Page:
NIBMYism Is A Growing Problem For Our Education System
May 16, 2012 1 Comment
NIMBYism, the brand of selfishness most famous for ruining urban development, is now setting its sights on education reform. I touched on it a bit in this post, but the basic problem is that closing down a bad school entails suffering through a one-time, present-day cost (the struggle inherent in a student changing schools) in order to reap a much larger future benefit (having a good school in place of a failing school). NIMBYism arises because the cost falls almost entirely on the families currently enrolled in the closing school, while the benefits go to the future families enrolled in a future school. Not surprisingly, the current parents are not happy about paying the cost. They’re not against closing bad schools, they’re just against closing their bad school.
A second form of NIMBYism is emerging with regard to charter school openings, particularly in co-location disputes in New York City. Once again, the gist is that it’s ok to open charter schools, it’s just not ok to open charter schools here. For example, check out the perverse NIMBYish response of one parent association president to a new Brooklyn charter school for transfer students.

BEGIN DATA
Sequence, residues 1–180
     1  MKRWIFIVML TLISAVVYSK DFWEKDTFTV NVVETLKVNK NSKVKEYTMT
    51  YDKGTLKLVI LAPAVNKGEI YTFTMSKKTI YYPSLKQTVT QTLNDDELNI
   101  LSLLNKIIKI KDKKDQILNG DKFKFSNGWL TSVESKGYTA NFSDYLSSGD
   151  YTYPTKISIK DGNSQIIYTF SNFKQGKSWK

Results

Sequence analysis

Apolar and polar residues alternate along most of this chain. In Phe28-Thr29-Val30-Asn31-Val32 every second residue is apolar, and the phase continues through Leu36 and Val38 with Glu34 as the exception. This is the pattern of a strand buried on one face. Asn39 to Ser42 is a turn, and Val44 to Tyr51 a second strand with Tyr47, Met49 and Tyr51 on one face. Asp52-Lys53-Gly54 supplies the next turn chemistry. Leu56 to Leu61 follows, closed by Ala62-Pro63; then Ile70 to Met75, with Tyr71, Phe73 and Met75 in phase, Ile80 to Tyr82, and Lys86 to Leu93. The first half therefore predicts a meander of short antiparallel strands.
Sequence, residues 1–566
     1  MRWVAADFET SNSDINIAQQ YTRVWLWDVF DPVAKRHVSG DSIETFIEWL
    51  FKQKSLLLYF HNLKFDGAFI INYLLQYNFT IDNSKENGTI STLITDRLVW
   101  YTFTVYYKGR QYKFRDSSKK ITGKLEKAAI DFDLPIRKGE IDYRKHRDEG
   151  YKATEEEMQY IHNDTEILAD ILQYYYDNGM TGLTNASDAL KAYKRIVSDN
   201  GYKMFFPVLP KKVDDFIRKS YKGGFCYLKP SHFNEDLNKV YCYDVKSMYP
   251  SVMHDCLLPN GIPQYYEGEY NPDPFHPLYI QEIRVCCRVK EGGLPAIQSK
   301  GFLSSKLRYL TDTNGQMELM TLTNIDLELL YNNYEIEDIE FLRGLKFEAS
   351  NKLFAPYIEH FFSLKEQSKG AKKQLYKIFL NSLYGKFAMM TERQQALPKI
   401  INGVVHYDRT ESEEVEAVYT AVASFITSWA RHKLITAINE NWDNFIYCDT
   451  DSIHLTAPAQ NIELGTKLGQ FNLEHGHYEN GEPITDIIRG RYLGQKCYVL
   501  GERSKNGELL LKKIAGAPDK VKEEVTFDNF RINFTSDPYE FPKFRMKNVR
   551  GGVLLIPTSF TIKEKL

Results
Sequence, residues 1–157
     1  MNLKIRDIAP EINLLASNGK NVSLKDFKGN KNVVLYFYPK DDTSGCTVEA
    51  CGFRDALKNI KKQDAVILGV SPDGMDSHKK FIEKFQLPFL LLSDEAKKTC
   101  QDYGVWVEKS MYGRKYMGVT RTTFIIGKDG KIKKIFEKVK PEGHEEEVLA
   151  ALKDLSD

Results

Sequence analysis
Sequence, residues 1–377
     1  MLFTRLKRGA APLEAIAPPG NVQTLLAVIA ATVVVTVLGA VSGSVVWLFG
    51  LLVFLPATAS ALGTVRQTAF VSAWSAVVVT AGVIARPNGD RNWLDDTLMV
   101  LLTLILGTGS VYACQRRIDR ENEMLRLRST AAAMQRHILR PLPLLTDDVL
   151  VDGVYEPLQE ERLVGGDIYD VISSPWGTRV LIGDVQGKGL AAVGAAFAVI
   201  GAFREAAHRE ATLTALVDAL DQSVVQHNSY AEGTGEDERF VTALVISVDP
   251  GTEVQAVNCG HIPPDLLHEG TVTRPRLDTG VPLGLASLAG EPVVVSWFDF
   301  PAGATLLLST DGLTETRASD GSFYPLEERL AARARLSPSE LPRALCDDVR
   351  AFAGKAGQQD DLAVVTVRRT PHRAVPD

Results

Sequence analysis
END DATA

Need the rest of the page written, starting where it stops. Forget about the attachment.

Prospect Heights parents are worried that a plan to place a charter school for troubled teens in their kids’ school will make the Willoughby St. building dangerous.
Starting next year, plans call for the new charter school to serve just over 100 high school students who have been kicked out or have failed out of their previous schools.
“Some of these kids that come in could be gang members,” said Sheila LeTang, parents association president of Knowledge and Power Academy.
Both schools will share the first floor — too close for comfort, says LeTang.
“They are going to be interacting with children and we don’t know who these kids are or what they’ve done,” she said.
First of all, this is a school we’re talking about. One of the most highly regulated, highly policed (metaphorically) environments around. Second, I’m not quite sure what phobia or -ism she’s engaging in, but it’s definitely a bad one. There might be gang members? Guess what SheiLa, there might be gang members at your kids’ school. You don’t know who they are? Their parents don’t know who your kids are either. Maybe they should be worried about your kids assaulting their kids.
I get it. Sheila LeTang is concerned about her children. But she does not get to personally approve every person her kids might come into contact with. “Because the kids at that school might be bad” is not a valid reason to stop the city from opening a new school for its most at-risk students. Where else should the school go? If she can provide a reason the school should be somewhere else that doesn’t include “I don’t want it near my children,” I’d be willing to consider her objections. If she can’t, then she should stop creating a fuss and sacrifice a small amount of peace of mind for the city, state, country and basically everybody else in the world who doesn’t spend all day in her kids’ school building.